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From Sasanian Mandaeans to Sabians of the Marshes

This historical study argues that the Mandaean religion originated under Sasanid rule in the fifth century, not earlier as has been widely accepted. It analyzes primary sources in Syriac, Mandaic, and Arabic to clarify the early history of Mandaeism.

Author
Kevin T. van Bladel
Date
01 February 2017
Links
Brill

This religion, along with several other, shorter-lived new faiths, such as Kentaeism, began in a period of state-sponsored persecution of Babylonian paganism. The Mandaeans would survive to become one of many groups known as Ṣābians by their Muslim neighbors. Rather than seeking to elucidate the history of Mandaeism in terms of other religions to which it can be related, this study approaches the religion through the history of its social contexts.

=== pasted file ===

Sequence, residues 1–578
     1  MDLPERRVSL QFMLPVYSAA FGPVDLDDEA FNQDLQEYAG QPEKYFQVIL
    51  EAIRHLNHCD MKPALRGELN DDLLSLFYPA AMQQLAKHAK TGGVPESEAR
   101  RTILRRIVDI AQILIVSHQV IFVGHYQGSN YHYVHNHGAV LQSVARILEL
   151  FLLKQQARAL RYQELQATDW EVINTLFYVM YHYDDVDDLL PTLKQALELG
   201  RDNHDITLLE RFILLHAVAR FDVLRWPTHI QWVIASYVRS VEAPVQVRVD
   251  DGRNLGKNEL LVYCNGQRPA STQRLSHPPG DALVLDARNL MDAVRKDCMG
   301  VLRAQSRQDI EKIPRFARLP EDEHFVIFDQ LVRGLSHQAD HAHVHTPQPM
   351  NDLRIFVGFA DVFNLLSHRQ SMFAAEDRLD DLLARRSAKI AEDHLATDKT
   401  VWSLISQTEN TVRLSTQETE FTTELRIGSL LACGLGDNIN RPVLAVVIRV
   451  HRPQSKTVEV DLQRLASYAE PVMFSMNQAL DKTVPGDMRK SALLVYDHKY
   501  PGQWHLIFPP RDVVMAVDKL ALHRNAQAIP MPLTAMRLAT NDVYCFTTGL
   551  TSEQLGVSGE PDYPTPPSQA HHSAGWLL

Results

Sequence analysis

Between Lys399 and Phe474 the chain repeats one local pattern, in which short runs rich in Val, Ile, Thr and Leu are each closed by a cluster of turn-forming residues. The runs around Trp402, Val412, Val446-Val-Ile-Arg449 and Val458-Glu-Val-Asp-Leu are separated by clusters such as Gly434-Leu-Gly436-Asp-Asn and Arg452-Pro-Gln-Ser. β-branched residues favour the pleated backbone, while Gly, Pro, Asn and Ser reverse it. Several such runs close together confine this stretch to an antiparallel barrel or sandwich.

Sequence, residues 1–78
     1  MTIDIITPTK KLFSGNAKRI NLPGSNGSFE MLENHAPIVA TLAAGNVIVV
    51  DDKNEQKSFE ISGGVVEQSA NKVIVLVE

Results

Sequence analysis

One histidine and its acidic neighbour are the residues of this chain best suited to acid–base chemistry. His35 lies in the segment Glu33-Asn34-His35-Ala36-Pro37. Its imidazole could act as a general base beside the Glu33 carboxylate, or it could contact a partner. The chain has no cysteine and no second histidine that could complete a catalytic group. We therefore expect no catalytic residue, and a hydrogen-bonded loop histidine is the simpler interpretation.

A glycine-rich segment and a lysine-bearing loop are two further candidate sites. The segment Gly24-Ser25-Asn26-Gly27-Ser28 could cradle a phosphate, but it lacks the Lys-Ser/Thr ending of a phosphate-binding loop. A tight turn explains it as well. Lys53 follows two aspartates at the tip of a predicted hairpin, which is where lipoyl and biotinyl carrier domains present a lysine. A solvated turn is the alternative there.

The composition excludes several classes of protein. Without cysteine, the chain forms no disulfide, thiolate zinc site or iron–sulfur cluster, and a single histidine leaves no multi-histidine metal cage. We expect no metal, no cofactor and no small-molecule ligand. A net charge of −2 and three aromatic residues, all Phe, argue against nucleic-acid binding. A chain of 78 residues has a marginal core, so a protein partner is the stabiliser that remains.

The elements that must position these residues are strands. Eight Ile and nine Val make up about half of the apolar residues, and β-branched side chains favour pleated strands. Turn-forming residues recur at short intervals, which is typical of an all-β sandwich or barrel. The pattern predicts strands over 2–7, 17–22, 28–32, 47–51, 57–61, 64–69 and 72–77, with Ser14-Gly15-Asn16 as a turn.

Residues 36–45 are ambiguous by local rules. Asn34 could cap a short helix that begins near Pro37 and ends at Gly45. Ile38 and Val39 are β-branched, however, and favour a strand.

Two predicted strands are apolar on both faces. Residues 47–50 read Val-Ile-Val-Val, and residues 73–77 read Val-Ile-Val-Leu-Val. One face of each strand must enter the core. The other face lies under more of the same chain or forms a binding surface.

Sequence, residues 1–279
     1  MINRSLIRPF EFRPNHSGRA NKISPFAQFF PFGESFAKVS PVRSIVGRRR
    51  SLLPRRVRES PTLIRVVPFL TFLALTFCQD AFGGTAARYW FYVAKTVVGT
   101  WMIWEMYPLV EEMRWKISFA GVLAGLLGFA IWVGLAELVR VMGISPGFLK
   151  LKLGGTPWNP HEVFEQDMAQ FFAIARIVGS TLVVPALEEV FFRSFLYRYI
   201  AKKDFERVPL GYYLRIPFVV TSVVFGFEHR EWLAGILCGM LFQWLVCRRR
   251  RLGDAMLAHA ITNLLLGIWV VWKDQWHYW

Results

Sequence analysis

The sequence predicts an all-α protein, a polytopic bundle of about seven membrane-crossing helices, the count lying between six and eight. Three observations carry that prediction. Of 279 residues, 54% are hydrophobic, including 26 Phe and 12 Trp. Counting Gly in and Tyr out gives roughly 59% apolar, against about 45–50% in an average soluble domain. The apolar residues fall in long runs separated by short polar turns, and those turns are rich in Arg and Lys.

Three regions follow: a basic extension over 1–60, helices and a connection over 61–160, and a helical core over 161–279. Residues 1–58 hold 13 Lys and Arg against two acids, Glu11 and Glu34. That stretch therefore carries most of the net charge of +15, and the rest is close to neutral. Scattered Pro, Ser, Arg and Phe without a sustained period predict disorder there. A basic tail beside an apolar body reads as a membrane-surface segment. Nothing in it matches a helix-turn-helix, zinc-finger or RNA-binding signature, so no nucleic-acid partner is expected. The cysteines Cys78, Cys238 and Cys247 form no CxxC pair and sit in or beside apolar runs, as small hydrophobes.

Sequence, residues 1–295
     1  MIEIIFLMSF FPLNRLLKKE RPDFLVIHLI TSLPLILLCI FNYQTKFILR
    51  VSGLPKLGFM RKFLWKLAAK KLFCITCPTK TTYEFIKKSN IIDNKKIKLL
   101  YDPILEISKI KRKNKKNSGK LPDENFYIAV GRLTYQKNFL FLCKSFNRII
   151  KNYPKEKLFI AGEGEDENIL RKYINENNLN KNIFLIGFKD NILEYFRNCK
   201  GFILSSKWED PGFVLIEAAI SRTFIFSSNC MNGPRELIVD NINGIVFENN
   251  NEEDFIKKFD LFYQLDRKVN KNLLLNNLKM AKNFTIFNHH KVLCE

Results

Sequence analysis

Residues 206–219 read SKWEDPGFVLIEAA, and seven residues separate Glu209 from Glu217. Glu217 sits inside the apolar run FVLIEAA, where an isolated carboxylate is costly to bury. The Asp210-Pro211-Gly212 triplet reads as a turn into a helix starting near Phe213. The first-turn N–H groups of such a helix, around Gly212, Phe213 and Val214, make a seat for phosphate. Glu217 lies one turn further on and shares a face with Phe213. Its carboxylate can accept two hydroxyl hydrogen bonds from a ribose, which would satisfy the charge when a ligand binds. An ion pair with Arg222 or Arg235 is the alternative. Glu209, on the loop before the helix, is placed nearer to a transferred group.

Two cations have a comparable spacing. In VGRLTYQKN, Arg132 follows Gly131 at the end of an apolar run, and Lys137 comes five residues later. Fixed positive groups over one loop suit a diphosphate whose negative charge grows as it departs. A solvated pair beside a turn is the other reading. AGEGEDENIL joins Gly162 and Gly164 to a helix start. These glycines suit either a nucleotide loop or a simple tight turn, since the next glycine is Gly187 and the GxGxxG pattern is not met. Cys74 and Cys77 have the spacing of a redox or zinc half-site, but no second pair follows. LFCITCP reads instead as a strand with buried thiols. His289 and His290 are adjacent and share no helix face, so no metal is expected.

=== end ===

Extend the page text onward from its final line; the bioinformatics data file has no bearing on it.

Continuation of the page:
Kevin T. van Bladel (Ph.D. 2004, Yale University), is Associate Professor of Near Eastern Languages and Cultures at The Ohio State University. He is the author of many studies on the classical Near East including The Arabic Hermes (Oxford 2009).

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